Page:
At the request of the UN Security Council (UNSC), the Secretary-General assessed UNIOGBIS in 2018 and provided recommendations on how to reconfigure the mission to ‘reflect a more coherent, nimble and effective peace and security pillar aligned more closely with the development and human rights pillars’. Ironically, this recommendation would ultimately mark the demise of the mission.

It was later decided that UNIOGBIS would plan for the gradual drawing down and transfer of tasks to the UN Country Team, UNOWAS and international partners. The drawdown was supported by the five permanent members of the UNSC, yet its timing was inopportune, occurring as it did against a backdrop of renewed political turmoil in Guinea-Bissau during 2020.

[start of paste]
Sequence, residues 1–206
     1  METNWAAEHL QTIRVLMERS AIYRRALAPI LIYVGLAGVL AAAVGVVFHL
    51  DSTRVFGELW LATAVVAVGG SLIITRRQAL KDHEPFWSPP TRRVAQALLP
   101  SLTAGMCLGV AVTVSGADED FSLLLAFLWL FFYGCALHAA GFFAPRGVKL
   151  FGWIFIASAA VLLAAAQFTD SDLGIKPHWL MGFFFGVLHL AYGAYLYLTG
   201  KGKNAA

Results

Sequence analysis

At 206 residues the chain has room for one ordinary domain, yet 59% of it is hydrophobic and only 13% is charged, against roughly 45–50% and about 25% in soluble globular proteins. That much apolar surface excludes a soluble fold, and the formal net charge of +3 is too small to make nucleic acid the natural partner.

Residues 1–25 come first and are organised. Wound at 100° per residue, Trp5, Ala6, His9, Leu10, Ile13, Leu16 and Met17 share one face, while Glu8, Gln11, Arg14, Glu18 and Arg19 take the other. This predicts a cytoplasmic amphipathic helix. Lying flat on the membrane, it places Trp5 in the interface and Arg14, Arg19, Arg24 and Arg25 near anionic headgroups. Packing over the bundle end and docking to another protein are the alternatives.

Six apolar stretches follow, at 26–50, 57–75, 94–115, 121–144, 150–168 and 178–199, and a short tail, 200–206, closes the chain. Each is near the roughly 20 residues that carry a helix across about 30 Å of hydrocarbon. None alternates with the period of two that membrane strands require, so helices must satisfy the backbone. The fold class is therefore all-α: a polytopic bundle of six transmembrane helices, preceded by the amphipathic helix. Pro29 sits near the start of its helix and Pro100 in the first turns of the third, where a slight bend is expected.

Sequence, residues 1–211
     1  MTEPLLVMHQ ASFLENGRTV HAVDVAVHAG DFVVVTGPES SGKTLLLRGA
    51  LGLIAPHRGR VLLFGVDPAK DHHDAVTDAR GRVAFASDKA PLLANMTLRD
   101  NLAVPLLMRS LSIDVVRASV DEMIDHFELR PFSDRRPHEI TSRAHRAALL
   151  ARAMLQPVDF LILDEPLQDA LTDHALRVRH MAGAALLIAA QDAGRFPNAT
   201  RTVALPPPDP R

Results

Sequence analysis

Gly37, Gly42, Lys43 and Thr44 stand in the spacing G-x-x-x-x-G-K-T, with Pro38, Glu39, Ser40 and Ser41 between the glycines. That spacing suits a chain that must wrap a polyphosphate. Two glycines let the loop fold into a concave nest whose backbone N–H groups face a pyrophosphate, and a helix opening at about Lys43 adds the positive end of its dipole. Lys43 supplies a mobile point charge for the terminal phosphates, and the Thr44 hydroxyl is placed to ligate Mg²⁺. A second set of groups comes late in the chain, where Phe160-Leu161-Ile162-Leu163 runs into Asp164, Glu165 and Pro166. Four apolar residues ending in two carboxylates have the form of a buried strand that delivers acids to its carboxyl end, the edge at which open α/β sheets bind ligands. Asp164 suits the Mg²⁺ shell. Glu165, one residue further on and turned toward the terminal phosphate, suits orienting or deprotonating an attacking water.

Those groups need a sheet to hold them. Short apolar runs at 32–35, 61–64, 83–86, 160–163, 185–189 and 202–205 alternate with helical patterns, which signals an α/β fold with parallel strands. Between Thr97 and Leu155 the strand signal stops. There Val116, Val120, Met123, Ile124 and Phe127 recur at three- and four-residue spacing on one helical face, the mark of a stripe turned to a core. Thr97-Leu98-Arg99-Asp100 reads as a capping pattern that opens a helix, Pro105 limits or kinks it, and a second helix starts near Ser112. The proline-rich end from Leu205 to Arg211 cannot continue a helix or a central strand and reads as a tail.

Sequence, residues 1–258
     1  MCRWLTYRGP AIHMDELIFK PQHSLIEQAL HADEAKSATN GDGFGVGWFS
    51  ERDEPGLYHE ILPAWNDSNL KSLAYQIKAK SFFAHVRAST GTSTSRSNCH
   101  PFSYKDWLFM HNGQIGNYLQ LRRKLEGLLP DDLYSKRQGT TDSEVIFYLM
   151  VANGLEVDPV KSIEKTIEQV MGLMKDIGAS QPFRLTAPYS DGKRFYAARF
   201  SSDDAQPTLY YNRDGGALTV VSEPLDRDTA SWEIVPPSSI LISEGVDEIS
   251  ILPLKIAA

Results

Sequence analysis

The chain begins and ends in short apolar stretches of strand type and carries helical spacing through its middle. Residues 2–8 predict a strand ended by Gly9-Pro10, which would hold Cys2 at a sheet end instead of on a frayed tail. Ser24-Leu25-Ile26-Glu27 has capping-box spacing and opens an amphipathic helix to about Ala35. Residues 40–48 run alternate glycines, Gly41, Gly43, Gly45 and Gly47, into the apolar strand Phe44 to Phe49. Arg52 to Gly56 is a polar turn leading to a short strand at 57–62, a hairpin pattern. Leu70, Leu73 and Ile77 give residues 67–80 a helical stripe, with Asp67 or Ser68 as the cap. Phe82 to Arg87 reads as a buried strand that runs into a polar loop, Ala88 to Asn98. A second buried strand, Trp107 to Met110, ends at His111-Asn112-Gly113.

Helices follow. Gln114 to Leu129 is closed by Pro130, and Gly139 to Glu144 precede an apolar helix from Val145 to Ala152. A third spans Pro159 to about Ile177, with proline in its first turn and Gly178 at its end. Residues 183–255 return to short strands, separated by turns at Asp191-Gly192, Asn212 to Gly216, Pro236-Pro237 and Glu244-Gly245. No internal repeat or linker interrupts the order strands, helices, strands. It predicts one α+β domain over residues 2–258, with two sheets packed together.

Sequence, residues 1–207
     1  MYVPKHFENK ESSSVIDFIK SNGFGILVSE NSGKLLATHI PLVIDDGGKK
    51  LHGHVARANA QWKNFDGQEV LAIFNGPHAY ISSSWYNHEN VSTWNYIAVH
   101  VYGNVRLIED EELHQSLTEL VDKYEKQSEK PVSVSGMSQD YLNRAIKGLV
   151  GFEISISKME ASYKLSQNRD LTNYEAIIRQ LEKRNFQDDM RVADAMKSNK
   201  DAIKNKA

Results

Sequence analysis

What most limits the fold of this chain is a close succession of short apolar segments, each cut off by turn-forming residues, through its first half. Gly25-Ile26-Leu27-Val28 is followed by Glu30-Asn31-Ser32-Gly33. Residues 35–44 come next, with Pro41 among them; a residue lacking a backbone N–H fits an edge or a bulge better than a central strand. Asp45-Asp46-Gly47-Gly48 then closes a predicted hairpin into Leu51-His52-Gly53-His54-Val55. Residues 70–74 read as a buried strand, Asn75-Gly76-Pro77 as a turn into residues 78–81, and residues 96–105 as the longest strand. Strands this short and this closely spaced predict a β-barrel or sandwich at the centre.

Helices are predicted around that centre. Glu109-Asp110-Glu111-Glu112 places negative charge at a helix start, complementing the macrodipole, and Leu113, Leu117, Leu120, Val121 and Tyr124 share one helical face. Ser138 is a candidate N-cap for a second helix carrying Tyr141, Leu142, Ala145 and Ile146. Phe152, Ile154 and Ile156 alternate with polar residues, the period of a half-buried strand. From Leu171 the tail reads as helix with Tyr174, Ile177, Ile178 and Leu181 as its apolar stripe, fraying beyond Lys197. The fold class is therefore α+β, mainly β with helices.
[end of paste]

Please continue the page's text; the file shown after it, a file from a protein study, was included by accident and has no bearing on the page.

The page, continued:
This brief examines the role of the UNSC and the steps it has taken in Guinea-Bissau, with a particular focus on its attention to the impact of drug trafficking on political stability, beginning in 1998 and leading up to the mission closure in 2020, with a focus on how transnational organized crime was incorporated into the mandate. The brief is based on research and interviews with current and former UN staff and diplomats based in Guinea-Bissau and New York. It explores key challenges faced by the mission and draws recommendations for the period to follow the transition and end of UNIOGBIS. The brief forms part of a series of publications on Guinea-Bissau and provides a review of the Security Council’s agenda for the country.